Kanha: The Land of the Tiger

In the dense forests of Kanha Tiger Reserve, also known as Kanha-Kisli National Park, the mornings are magical. Streaming gently from the leaves of the sal trees, the sunrays filter like golden drops on land. The largest national park of Madhya Pradesh, Kanha, which inspired Rudyard Kipling’s Jungle Book, is divided into two sanctuaries, Hallon and Banjar. Kanha National Park, created in 1955 and designated a tiger reserve in 1973, encompasses an area of 940 km in the two districts, Mandla and Balaghat.

FLORA & FAUNA

In his book, Field Days: A Naturalist’s Journey Through South and Southeast Asia, author A. J. T. Johnsingh writes an interesting account of the flora of Kanha, talking in detail about the “intoxicating fragrance of the mahua flowers”, the bright red, scarlet palash or flame-of-the-forest flowers, the jamun trees “clothed in parakeet green foliage” and the “nearly round canopies of mango trees… in light and dark green, golden yellow, and rusty red”. The author’s account of Kanha also mentions “chital and langur feeding on sal and mahua flowers fallen on the ground.”

FLORA & FAUNA

In his book, Field Days: A Naturalist’s Journey Through South and Southeast Asia, author A. J. T. Johnsingh writes an interesting account of the flora of Kanha, talking in detail about the “intoxicating fragrance of the mahua flowers”, the bright red, scarlet palash or flame-of-the-forest flowers, the jamun trees “clothed in parakeet green foliage” and the “nearly round canopies of mango trees… in light and dark green, golden yellow, and rusty red”. The author’s account of Kanha also mentions “chital and langur feeding on sal and mahua flowers fallen on the ground.”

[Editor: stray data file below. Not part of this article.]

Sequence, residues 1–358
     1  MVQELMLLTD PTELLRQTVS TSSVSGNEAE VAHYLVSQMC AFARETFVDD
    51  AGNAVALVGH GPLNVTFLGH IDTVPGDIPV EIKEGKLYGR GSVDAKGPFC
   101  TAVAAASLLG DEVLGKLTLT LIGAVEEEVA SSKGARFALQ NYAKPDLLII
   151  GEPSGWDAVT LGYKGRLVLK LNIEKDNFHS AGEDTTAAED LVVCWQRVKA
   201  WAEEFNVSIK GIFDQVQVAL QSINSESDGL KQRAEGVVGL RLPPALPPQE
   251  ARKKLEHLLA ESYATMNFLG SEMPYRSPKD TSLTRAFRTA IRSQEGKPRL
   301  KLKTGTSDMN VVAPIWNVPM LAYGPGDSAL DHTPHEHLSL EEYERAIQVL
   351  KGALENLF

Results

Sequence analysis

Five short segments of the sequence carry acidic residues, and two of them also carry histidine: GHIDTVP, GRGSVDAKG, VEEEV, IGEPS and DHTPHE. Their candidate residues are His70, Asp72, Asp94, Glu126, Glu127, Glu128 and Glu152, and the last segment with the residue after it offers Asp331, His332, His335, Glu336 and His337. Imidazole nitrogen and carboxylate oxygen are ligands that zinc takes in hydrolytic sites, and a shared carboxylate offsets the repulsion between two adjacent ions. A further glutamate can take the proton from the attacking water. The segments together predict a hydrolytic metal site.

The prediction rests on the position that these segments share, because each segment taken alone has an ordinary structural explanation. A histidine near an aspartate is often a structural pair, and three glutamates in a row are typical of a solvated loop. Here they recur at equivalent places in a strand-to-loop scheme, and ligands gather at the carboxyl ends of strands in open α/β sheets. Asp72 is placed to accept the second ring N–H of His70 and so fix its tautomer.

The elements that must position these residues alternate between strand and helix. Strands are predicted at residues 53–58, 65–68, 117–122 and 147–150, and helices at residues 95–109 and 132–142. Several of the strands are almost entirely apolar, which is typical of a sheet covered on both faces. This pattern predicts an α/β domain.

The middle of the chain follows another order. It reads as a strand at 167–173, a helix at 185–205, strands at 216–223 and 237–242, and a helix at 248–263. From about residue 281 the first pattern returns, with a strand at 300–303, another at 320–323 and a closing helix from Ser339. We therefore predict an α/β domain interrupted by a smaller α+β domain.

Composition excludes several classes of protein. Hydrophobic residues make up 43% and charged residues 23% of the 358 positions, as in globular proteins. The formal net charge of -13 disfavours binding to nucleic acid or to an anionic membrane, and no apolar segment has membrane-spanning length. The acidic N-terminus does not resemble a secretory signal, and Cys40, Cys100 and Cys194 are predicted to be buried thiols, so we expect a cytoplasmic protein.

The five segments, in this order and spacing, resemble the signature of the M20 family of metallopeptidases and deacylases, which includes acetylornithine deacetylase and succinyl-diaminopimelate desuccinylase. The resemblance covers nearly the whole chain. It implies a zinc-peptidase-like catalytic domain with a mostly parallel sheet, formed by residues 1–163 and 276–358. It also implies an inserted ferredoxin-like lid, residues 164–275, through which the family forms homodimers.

Diversity

The only woodland that brings so much vividness in nature, Kanha is home to over 200 varieties of wildflower species. The mixed forest trees that blend seamlessly with meadows, allow for guests to soak in the sweet fragrance of the jungle with trees such as saja, sal, bamboo, mahua, bija, among several others, including those with Ayurvedic properties to heal and nourish. Additionally, there are species of climbers, shrubs, and aquatic plants that grow in tals or lakes, serving as a lifeline for several migratory birds.

ECOLOGY

The avifauna is diverse and reveals important facets about Kanha’s ecology. With over 550 insects and spiders, and counting (the Bhati family is continuing to discover more species, even as you read this), Kanha becomes the best territory to watch these fascinating creatures.

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